A memory corruption bug in UDP fragmentation offload (UFO) code inside the Linux kernel can lead to local privilege escalation. In this post we will examine this vulnerability and its accompanying exploit. Although this bug affects both IPv4 and IPv6 code paths, we analyzed only IPv4 code running on vulnerable kernel version 4.8.0 of Ubuntu xenial. The bug was fixed in Commit 85f1bd9.
Andrey Konovalov recently disclosed local privilege escalation exploits for vulnerabilities he found inside the Linux network subsystem while “fuzzing” with the tool syzcaller. In an oss-sec mailing thread, Konovalov wrote “When building a UFO packet with MSG_MORE __ip_append_data() calls ip_ufo_append_data() to append. However in between two send() calls, the append path can be switched from UFO to non-UFO one, which leads to a memory corruption.”
NIC Offloads and UFOs
Network interface card (NIC) offload allows the protocol stack to transmit packets that are larger than the Ethernet maximum transmission unit (MTU), which by default is 1,500 bytes. When NIC offload is enabled, the kernel will assemble multiple packets into a single large packet and pass it to the hardware, which handles IP fragmentation and segmentation into MTU-sized packets. This offload is often used with high-speed network interfaces for increased throughput because UFO can send large UDP packets.
The Linux kernel can take advantage of the segmentation-offload capabilities of various NICs.
Triggering a POC
The following is a simple proof of concept that will trigger kernel panic:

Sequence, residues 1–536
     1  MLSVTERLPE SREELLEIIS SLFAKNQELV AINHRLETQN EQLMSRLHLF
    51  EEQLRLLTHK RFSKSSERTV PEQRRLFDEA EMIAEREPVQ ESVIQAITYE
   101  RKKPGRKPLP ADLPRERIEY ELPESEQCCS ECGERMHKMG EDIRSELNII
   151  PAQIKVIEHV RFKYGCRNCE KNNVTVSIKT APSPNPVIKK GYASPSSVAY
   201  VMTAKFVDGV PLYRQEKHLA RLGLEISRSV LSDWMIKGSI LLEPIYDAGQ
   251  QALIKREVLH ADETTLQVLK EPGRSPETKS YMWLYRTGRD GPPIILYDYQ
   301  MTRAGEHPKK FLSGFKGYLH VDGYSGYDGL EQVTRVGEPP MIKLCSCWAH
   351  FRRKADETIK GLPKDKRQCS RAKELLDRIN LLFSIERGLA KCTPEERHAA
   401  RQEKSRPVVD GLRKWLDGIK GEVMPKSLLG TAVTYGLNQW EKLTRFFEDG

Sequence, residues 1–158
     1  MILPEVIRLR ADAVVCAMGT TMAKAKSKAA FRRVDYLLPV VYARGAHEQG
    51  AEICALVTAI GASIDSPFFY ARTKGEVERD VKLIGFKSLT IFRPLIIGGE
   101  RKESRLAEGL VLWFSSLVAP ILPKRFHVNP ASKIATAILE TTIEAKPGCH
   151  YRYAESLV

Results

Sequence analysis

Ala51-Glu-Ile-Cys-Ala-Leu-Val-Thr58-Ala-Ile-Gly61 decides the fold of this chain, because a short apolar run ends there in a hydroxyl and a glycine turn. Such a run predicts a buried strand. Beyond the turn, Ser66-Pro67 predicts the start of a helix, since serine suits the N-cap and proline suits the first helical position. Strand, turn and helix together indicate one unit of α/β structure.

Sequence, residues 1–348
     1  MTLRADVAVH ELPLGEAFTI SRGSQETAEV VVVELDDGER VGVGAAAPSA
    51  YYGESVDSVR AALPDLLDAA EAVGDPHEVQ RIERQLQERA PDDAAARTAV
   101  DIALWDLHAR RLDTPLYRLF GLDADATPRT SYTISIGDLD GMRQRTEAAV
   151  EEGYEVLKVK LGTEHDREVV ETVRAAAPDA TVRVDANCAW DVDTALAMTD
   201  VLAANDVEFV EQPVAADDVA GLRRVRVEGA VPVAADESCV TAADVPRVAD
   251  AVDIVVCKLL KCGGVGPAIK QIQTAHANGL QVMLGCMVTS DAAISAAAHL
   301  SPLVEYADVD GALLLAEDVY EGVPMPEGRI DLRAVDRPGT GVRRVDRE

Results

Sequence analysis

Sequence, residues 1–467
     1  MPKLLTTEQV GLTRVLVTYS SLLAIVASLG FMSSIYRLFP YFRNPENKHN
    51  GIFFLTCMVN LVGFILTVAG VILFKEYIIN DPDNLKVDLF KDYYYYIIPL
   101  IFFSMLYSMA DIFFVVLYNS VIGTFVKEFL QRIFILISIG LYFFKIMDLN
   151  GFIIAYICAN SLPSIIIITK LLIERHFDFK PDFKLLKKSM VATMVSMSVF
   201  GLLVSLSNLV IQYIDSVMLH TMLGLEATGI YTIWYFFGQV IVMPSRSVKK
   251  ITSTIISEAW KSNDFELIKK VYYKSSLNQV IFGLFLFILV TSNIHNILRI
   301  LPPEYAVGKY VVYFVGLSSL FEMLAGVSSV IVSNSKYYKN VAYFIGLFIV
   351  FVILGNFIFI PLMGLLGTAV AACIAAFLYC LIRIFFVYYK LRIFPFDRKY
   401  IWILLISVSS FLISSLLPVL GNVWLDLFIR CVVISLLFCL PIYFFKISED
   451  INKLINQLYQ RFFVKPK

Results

To build UFO packets inside the kernel we can take one of two steps:
- Use the UDP_CORK socket option, which tells the kernel to accumulate all data on this socket into a single diagram to be transmitted when the option is disabled.
- Use the MSG_MORE flag when calling send/sendto/sendmsg, which tells the kernel to accumulate all data on this socket into single diagram to be transmitted when a call is performed that does not specify this flag. This method triggers the vulnerability.
Inside the kernel, the udp_sendmsg function is responsible for constructing UDP packets and sending them to the next layer. The following code shows a stripped implementation of UDP cork functionality enabled by the user program using the UDP_CORK socket option or the MSG_MORE flag when calling send/sendto/sendmsg. When UDP corking is enabled, the ip_append_data function is called to accumulate multiple packets into single large packet.
The function ip_append_data is a wrapper around __ip_append_data, which is responsible for socket buffer management by allocating a new socket buffer to store the data passed to it or by appending the data to existing data when the socket is corked. One important task performed by this function is the handling of UFO. Socket buffers are managed in the socket’s send queue. In the case of corked sockets, the queue has an entry in which additional data can be appended. The data sits on the send queue until udp_sendmsg determines it is time to call udp_push_pending_frames, which finalizes the socket buffer and calls udp_send_skb.
The Linux kernel stores packets in the structure sk_buff (socket buffer), which is used by all network layers to store their headers, information about user data (payload), and other internal information.